Democrats Move To Restrict Congress’ Power Over Debt Limit

House and Senate Democrats are preparing to introduce a bill on Friday that seeks to revise the debt ceiling process. This move comes after Congress reached a last-minute agreement just before the predicted debt default date outlined by Treasury Secretary Janet Yellen.

The proposed legislation would grant the Treasury Department the authority to ensure uninterrupted payment of the nation’s debt, as reported by The Wall Street Journal.

On June 3, President Joe Biden signed the bipartisan debt ceiling bill, mere days before the nation faced the risk of defaulting on its debt. Prior to the signing, Biden engaged in negotiations with House Speaker Kevin McCarthy (R-CA) to establish the framework of the legislation.

The Debt Ceiling Reform Act, sponsored by Sen. Dick Durbin (D-IL) and Rep. Brendan Boyle (D-PA), would grant the Treasury Department the necessary authority to ensure the fulfillment of the country’s financial commitments.

Durbin told the Wall Street Journal, “After a near-catastrophic default thanks to political games by our Republican colleagues, it’s time to put the debt ceiling in the hands of the treasury secretary. We need legislation to reform the way we address the debt ceiling.”

The bill would establish a 30-day period during which Congress could prevent the Treasury from making payments. This could be done through a veto-proof joint disapproval resolution, necessitating a two-thirds majority vote in both chambers. This approach would provide some level of congressional oversight on the debt, enabling members to vote against raising the ceiling instead of voting in favor of increasing it.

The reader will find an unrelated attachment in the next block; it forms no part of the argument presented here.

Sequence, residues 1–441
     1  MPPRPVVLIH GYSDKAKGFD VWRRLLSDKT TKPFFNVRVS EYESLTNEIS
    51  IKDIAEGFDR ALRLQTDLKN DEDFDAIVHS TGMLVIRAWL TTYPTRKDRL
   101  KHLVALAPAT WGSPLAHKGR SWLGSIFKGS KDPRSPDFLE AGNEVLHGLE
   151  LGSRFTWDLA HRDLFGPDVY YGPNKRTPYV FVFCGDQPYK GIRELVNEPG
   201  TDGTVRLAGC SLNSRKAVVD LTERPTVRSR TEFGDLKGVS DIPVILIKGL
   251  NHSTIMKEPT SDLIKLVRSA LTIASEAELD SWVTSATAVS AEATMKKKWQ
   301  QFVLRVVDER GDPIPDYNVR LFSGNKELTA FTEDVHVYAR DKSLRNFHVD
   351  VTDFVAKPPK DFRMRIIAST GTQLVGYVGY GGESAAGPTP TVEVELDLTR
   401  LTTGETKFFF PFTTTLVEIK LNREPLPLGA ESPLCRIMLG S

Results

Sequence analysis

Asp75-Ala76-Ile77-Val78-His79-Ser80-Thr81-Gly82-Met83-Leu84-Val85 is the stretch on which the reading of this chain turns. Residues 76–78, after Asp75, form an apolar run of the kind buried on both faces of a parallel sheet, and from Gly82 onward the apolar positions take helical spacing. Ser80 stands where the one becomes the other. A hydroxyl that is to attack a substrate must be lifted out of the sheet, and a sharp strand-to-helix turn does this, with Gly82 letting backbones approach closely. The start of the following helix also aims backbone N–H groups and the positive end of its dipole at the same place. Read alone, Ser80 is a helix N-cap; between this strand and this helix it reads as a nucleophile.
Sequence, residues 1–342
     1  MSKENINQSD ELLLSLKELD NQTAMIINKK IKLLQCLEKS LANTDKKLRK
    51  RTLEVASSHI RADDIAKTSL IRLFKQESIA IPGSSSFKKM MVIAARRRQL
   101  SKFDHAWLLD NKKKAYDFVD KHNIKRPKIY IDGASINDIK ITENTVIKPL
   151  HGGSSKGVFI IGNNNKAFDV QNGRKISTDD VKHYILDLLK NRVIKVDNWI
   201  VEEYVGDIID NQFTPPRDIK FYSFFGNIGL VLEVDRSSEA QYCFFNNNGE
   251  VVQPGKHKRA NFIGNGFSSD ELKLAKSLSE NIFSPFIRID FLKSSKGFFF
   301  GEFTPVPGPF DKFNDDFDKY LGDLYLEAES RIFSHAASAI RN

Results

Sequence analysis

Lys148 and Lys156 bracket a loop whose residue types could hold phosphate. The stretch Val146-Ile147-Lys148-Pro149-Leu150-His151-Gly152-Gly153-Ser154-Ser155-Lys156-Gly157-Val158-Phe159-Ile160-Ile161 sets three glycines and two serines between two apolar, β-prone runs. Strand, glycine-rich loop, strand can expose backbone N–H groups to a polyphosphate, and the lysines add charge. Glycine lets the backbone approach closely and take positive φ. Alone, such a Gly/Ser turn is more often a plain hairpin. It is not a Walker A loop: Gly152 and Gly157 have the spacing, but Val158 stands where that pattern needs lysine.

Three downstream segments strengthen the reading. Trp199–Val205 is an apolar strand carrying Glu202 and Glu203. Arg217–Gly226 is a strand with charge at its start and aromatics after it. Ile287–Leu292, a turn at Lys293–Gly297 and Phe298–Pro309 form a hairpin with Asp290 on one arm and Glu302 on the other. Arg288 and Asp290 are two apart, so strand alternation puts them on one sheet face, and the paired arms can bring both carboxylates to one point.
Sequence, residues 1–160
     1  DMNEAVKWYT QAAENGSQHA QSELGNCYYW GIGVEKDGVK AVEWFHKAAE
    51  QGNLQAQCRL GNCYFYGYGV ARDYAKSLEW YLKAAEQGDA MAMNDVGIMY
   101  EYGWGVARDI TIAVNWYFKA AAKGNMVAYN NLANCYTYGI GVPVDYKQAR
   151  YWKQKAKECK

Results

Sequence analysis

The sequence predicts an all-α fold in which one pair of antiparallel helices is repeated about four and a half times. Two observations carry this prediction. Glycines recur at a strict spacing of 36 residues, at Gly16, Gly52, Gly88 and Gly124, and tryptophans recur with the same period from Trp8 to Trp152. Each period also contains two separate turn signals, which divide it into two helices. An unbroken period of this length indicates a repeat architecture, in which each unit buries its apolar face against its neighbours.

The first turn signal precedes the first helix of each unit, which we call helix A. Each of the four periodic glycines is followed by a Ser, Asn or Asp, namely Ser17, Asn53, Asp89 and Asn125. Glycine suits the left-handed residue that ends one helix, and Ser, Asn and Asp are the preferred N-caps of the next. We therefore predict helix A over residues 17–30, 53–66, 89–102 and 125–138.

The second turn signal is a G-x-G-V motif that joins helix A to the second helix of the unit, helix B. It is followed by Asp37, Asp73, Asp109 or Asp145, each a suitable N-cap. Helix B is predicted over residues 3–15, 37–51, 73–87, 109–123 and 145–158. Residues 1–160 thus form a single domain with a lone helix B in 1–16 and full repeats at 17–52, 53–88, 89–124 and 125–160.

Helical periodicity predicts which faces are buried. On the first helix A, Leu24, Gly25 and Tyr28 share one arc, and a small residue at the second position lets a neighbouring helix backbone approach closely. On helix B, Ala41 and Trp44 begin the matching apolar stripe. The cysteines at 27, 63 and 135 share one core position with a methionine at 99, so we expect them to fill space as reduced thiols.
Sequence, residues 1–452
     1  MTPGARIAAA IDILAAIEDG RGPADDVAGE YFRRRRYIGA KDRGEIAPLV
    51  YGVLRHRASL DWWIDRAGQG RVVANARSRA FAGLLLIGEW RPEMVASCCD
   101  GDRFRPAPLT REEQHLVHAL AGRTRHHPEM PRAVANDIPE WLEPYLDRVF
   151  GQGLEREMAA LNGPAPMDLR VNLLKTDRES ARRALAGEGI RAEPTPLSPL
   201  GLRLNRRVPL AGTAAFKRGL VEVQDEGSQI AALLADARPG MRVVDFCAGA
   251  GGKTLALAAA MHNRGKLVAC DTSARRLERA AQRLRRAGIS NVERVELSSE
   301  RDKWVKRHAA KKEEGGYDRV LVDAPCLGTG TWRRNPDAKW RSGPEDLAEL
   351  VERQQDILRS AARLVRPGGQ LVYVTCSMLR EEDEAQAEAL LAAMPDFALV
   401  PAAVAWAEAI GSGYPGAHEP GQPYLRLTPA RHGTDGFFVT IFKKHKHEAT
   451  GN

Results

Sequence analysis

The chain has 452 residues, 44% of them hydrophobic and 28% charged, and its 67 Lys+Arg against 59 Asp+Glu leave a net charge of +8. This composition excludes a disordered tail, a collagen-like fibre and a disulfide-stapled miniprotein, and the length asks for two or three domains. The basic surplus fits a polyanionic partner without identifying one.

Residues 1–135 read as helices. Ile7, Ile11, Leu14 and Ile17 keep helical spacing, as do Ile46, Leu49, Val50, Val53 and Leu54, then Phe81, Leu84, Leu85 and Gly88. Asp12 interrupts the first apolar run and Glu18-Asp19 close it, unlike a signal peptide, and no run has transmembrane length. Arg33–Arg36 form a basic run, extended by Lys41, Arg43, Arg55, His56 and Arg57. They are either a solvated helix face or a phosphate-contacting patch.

Democrats have voiced criticism towards Republicans, accusing them of using the nation’s borrowing limit as a bargaining chip to secure concessions on spending cuts. On the other hand, numerous members within the GOP have criticized President Biden and other Democrats for causing delays in debt limit negotiations.

In an interview with The Wall Street Journal, Boyle expressed his hope that Republican members would show interest in the reform.

Boyle stated that they incorporated certain aspects of a proposal put forward by Senate Majority Leader Mitch McConnell (R-KY) during the 2011 debt limit crisis while crafting the legislation’s parameters.